Blog Post

Crazy Fast Builds Using distcc

At PSPDFKit we continue to grow our product range, working hard to add new and improve existing features, all while handling the countless special cases that the world of PDF contains. As a natural consequence of this, we have a large ever-growing code base. More code means longer build times and nobody likes longer build times. Here, we will describe to you how you can use the excellent tool distcc to distribute your build over many machines and cut your build times down to a fraction of their previous durations.

Serial Compilation Parallel Compilation
Serial Parallel


First, let me draw your attention to ccache. We have had a lot of success using ccache, which we wrote about before here. I highly recommend you read that blog post first as this post is written with the assumption you have ccache set up as described in that blog post. It’s absolutely possible to use distcc without ccache if you really need to but we wouldn’t recommend it.


distcc is a tool, in fact a set of tools, that enable you to distribute the compilation of C, C++, Objective-C and Objective-C++ files amongst a pool of servers (including your workstation) across a network. The only really hard requirement for build servers in a pool is that they must have the same version of the compiler installed as the one you are using on your primary machine. They do not need direct access to the source code you are building or even the system headers. Think of them as dumb appliances that get provided with all the input they need and their result is either a successfully compiled unit or an error.

It’s worth pointing out that in order to benefit from distributing your build these build servers don’t have to be particularly fast machines and don’t need the fastest network connections. Of course if they do then all the better! Your primary machine can continue to compile as fast as it can while waiting for others to slowly compile something else. It’s all happening in parallel so you always gain as long as you have enough files to be compiled. If your project contains only a few dozen files then this setup is probably not for you. Linking, on the other hand, must happen locally so that time is going to be the lower-bound on any build time. Hello, Ahmdal’s law!

In addition, you may come across mentions of something called pump mode but for now this can be ignored. Briefly explained, pump mode is an extra facility of distcc that can distribute the pre-processing of the compilation units to the build servers. Without pump mode, the pre-processing needs to be done on the main build machine prior to distribution. Remember, the build servers don’t need file level access to headers or the source code. But a typical machine these days can keep 10 or 20 build servers busy with pre-processed compilation units. So unless you intend to set up a build farm with at least that many servers it is of no benefit to you.


Prior to Xcode 4.3, support for distcc was built in. For reasons unknown Apple decided to remove support for distributed builds. Some efforts have been undertaken to fill that gap. However, since Xcode 8 introduced code signing, plugins are effectively forbidden, although there are workarounds. Despite all this it is possible to set up distributed builds without relying on plugins or meddling with Xcode.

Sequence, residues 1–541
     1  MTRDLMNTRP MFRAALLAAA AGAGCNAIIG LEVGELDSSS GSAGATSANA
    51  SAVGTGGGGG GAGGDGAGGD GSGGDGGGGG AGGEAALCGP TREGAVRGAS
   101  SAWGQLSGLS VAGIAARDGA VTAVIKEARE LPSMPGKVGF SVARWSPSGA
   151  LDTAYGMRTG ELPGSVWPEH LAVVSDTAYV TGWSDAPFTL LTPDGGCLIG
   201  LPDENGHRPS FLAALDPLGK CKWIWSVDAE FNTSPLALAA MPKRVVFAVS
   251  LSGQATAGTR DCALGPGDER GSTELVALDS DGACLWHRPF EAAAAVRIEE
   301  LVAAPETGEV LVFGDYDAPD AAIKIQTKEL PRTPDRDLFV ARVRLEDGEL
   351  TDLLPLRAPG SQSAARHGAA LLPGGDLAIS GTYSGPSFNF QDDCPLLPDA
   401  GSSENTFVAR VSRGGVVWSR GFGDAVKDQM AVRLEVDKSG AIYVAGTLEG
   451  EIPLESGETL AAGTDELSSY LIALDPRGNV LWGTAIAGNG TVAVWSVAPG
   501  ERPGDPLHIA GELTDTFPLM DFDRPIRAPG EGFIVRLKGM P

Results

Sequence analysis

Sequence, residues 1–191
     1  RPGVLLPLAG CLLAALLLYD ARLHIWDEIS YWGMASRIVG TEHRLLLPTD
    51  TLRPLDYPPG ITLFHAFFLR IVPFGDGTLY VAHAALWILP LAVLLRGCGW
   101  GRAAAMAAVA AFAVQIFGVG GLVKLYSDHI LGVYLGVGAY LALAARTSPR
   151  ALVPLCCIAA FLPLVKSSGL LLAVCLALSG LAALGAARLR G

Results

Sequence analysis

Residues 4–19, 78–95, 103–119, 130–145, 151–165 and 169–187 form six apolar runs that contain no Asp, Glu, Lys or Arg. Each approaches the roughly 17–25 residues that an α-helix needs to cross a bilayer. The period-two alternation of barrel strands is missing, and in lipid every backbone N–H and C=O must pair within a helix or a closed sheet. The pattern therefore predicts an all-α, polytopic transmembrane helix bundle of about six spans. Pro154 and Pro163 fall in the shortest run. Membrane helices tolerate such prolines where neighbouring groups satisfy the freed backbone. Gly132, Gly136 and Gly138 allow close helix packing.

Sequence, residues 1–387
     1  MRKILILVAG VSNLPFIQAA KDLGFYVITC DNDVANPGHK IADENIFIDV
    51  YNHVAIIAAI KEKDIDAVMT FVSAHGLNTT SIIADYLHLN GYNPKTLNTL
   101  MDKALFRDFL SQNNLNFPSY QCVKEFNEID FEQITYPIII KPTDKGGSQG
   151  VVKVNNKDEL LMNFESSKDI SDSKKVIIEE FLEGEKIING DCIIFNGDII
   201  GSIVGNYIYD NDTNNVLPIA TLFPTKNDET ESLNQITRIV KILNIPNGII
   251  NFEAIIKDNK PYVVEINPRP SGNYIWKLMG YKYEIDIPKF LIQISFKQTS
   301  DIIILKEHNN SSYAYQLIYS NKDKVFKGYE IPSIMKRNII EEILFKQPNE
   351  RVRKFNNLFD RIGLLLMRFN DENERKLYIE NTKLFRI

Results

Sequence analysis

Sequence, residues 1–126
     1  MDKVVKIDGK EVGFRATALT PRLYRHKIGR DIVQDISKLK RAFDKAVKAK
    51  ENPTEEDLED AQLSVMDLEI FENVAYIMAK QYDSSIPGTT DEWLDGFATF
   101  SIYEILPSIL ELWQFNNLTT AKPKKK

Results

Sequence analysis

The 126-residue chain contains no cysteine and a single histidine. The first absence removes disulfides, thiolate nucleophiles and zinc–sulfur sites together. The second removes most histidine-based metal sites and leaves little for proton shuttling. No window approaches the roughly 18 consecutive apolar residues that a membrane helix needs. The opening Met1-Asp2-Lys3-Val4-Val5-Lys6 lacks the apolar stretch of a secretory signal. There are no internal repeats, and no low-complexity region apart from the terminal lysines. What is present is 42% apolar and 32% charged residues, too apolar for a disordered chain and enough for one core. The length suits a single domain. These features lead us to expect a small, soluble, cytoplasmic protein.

Currently distcc has a few small issues when it comes to working with the Xcode build of clang. Because distcc is a front-end for the compiler, clang and clang++, it must take all the arguments you would pass to clang and handle them appropriately, e.g. re-writing paths, etc. As of the current version of distcc, it’s missing support for several options that are unique to Xcode’s build of clang. Fortunately, it’s not too difficult to patch distcc and build it yourself. We have provided a copy of the patched source here.

Here is one way to set it all up.

  1. Install the latest version using brew install distcc. (Use homebrew and make sure autotools and automake are installed.)

  2. Build the patched version by cloning the repo and following these build steps.

./configure --without-libiberty --disable-Werror

There’s also a similar fork for reference - quite a few people worked on that problem.

  1. Replace the binaries installed by brew in /usr/local/Cellar/distcc/ with the ones you just built.

To ensure everything is working fine, only use your workstation as a build server at first. This eliminates possible network issues from hiding any other problems. Once you know that distcc is working locally you can set up other build servers.

Ensure distcc and the other binaries it comes with (distccd and distccmon-text) are in your path. Run distcc once and it will initialize configuration files at ~/.distcc/. The next step is to create a file ~/.distcc/hosts within which we need to specify the addresses of the build servers. For now, just this workstation will be in the build server pool so your file should have this one line in it.

I prefer the address instead of localhost. If you use localhost you may encounter issues with IPv6, unless of course you are using IPv6 exclusively.